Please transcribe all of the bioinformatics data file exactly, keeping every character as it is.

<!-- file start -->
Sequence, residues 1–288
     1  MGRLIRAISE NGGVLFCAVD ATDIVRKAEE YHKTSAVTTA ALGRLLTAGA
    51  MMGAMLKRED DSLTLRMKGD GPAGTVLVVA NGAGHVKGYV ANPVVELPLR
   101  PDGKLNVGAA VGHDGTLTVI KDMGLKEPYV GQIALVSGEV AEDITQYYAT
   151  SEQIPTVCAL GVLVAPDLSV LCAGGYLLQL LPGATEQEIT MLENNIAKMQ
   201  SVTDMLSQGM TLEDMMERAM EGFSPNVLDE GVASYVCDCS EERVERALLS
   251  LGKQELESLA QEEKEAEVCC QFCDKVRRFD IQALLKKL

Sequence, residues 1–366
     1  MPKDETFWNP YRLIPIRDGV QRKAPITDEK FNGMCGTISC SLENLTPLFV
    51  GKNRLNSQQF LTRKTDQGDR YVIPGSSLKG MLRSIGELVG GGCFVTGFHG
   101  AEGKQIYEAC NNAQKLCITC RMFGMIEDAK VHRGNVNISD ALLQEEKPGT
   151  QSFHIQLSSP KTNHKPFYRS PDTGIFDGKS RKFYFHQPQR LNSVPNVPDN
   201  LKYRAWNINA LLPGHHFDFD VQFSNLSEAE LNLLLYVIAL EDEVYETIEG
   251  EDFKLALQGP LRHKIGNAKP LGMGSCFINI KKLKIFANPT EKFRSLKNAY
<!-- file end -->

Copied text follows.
Sequence, residues 1–288
     1  MGRLIRAISE NGGVLFCAVD ATDIVRKAEE YHKTSAVTTA ALGRLLTAGA
    51  MMGAMLKRED DSLTLRMKGD GPAGTVLVVA NGAGHVKGYV ANPVVELPLR
   101  PDGKLNVGAA VGHDGTLTVI KDMGLKEPYV GQIALVSGEV AEDITQYYAT
   151  SEQIPTVCAL GVLVAPDLSV LCAGGYLLQL LPGATEQEIT MLENNIAKMQ
   201  SVTDMLSQGM TLEDMMERAM EGFSPNVLDE GVASYVCDCS EERVERALLS
   251  LGKQELESLA QEEKEAEVCC QFCDKVRRFD IQALLKKL

Sequence, residues 1–366
     1  MPKDETFWNP YRLIPIRDGV QRKAPITDEK FNGMCGTISC SLENLTPLFV
    51  GKNRLNSQQF LTRKTDQGDR YVIPGSSLKG MLRSIGELVG GGCFVTGFHG
   101  AEGKQIYEAC NNAQKLCITC RMFGMIEDAK VHRGNVNISD ALLQEEKPGT
   151  QSFHIQLSSP KTNHKPFYRS PDTGIFDGKS RKFYFHQPQR LNSVPNVPDN
   201  LKYRAWNINA LLPGHHFDFD VQFSNLSEAE LNLLLYVIAL EDEVYETIEG
   251  EDFKLALQGP LRHKIGNAKP LGMGSCFINI KKLKIFANPT EKFRSLKNAY